50 Years Later, Apollo 11 Moon Landing Reminds America What It's Capable Of

Apollo 11 astronaut Buzz Aldrin unpacks a seismic experiment on the surface of the moon.
Apollo 11 astronaut Buzz Aldrin unpacks a seismic experiment on the surface of the moon. (Image credit: NASA)

Fifty years ago today (July 20), humanity set foot on the surface of another world for the first time.

Those hopping steps by Apollo 11 astronauts Neil Armstrong and Buzz Aldrin left lasting marks on the lunar surface and a legacy here on Earth that's similarly indelible. 

There's the technology, of course. The long list of Apollo spinoffs includes space blankets, improved food-safety procedures and computer-guided flight, an innovation that soon found its way into airliners and, later, cars (in features such as cruise control and antilock brakes).

Related: Apollo 11 at 50: A Complete Guide to the Historic Moon Landing

But the biggest and most important impacts of Apollo are less tangible. For example, the giant leap gave Americans a glimpse of their nation's true potential.

Apollo 11 showed that "when we have the political will to do something grand, and we set ourselves an achievable goal — even though it's challenging — the country can come together and do something of magnificent quality," said John Logsdon, a professor emeritus of political science and international affairs at George Washington University's Elliott School of International Affairs in Washington, D.C.

To appreciate the scope of the Apollo 11 accomplishment, consider where NASA stood at the start of the moon rush. 

President John F. Kennedy announced on May 25, 1961, that the United States would put a man on the moon, and bring him safely home, by the end of the decade. At the time, the United States had just 15 minutes of human-spaceflight experience — the suborbital flight of Alan Shepard, which had occurred three weeks earlier, on May 5.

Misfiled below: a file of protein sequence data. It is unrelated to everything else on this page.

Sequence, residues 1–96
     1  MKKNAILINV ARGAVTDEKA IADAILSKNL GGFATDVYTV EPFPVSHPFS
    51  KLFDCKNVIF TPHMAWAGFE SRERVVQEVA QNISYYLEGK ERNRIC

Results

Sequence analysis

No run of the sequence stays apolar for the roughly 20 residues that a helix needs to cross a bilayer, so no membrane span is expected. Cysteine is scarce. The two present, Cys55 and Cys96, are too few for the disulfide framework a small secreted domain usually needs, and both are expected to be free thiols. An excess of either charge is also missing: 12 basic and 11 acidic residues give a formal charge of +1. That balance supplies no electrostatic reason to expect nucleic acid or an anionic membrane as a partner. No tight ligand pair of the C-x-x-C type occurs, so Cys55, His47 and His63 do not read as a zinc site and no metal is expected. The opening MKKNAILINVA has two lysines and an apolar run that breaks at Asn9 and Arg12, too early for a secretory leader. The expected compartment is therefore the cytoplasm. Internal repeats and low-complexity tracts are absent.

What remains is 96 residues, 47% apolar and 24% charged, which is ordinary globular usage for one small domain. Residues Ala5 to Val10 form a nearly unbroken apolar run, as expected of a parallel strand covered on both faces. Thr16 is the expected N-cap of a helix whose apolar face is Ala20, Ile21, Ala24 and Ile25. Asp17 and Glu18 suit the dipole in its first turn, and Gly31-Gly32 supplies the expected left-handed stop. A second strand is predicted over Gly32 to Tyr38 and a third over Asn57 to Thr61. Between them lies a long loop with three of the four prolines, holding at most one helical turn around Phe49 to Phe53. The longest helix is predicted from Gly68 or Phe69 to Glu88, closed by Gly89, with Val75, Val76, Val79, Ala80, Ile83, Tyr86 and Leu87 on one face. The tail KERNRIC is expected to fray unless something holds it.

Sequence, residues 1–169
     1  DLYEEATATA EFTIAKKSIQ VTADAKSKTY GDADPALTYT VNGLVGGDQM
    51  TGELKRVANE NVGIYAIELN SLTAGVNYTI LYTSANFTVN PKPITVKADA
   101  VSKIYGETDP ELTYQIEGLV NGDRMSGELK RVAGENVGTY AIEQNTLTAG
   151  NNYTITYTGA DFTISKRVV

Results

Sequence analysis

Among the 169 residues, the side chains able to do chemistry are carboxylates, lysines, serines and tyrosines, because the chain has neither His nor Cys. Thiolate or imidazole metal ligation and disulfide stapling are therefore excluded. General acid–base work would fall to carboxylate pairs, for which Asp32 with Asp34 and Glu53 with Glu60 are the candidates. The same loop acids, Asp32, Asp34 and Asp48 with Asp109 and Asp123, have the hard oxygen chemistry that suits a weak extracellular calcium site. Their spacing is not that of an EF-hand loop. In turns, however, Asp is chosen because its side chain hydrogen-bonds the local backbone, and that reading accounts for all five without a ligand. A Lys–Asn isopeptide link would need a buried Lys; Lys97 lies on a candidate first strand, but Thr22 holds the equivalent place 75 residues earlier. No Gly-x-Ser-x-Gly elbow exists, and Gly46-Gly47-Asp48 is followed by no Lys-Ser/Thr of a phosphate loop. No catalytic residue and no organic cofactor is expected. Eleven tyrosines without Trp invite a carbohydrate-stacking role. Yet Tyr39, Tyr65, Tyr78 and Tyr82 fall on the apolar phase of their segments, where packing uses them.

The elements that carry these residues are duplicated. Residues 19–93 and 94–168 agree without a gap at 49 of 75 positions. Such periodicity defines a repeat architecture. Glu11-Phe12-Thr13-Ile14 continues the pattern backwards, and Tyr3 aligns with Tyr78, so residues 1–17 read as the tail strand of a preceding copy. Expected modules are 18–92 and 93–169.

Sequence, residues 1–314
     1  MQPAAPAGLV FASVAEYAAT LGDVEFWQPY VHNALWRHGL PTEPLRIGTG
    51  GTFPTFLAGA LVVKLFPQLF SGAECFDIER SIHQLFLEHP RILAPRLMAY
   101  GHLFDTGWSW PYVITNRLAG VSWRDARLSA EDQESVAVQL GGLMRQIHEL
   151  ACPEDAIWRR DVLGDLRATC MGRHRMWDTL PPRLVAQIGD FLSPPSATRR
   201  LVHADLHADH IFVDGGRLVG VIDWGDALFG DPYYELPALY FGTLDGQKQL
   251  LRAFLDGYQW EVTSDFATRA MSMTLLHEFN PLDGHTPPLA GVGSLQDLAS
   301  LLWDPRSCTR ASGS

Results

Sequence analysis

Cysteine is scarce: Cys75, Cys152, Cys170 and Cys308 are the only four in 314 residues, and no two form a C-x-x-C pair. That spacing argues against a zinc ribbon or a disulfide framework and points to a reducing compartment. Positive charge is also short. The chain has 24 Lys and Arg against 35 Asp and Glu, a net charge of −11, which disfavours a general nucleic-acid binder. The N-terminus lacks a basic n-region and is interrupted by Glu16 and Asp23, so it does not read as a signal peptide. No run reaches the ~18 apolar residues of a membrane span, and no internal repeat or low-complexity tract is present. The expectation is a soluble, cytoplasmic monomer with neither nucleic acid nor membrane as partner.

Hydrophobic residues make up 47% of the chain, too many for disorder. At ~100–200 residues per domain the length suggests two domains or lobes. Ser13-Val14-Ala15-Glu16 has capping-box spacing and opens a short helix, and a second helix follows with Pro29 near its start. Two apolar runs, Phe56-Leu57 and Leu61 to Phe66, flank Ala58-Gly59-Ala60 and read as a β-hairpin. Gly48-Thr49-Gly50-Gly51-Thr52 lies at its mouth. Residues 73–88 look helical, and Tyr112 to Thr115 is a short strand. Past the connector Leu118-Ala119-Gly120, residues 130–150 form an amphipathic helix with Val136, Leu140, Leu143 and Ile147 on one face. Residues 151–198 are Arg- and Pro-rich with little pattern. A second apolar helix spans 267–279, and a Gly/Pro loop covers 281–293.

Yet NASA pulled off JFK's bold vision in a mere eight years. And this giant leap took place just 12 years into the space age, which dawned when the Soviet Union launched the satellite Sputnik 1 on Oct. 4, 1957.

The Soviets notched other early firsts — most famously, launching Yuri Gagarin to Earth orbit on April 12, 1961. These achievements shook American officials, who devised the moon goal in response.

"The Apollo days were not, fundamentally, about going to the moon," Logsdon told Space.com. "They were about demonstrating American global leadership in a zero-sum Cold War competition with the Soviet Union."

And that brings us to another one of Apollo 11's most important legacies — establishing the United States' scientific and technological prowess. The lunar landing helped convince countries around the world that the future belonged to the capitalist superpower rather than the communist one, said Roger Launius, who served as NASA's chief historian from 1990 to 2002 and wrote the recently published book "Apollo's Legacy" (Smithsonian Books, 2019). 

"It swayed to the American side of the equation a number of nations, including those that were not aligned at the time — especially emerging nations that had gained their independence after World War II," Launius told Space.com, citing India as a key example. "And that was really critical."

If the Soviets had been the first to put boots on the moon — and the nation did try, building a giant moon rocket that never launched successfully — the Cold War might not have ended the way it did, Launius added.